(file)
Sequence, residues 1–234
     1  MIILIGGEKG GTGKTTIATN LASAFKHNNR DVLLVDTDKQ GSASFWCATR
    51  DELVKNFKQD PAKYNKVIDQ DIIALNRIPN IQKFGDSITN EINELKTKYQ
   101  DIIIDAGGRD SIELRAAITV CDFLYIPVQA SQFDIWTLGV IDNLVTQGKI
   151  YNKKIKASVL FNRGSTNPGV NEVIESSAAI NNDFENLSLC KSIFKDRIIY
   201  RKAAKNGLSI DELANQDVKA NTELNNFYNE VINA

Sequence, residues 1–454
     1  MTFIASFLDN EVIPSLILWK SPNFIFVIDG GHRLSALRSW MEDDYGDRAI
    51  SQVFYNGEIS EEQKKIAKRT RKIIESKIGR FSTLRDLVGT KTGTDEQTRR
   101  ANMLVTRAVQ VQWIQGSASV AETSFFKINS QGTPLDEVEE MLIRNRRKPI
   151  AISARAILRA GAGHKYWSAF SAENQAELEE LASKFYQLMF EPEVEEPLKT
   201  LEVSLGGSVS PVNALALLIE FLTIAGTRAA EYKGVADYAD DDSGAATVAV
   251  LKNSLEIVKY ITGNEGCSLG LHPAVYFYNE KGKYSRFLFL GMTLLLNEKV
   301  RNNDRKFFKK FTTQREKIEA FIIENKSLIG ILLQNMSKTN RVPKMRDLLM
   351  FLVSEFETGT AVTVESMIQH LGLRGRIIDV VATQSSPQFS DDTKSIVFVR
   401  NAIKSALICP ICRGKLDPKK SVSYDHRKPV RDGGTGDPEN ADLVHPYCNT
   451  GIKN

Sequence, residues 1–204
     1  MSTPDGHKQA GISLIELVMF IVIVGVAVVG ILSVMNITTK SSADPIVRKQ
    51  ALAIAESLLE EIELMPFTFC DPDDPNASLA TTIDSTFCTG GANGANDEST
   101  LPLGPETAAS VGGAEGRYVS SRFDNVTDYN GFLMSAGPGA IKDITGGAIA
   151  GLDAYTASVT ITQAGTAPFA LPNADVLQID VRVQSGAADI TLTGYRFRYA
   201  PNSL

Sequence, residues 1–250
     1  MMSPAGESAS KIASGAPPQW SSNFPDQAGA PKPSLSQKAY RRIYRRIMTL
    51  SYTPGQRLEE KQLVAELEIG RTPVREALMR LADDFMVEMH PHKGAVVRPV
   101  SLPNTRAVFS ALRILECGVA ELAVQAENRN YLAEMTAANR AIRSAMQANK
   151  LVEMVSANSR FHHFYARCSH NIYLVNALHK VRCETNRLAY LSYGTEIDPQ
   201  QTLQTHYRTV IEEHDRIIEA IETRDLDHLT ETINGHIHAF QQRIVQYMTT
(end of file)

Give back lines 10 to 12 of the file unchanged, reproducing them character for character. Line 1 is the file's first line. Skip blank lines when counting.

   101  ANMLVTRAVQ VQWIQGSASV AETSFFKINS QGTPLDEVEE MLIRNRRKPI
   151  AISARAILRA GAGHKYWSAF SAENQAELEE LASKFYQLMF EPEVEEPLKT
   201  LEVSLGGSVS PVNALALLIE FLTIAGTRAA EYKGVADYAD DDSGAATVAV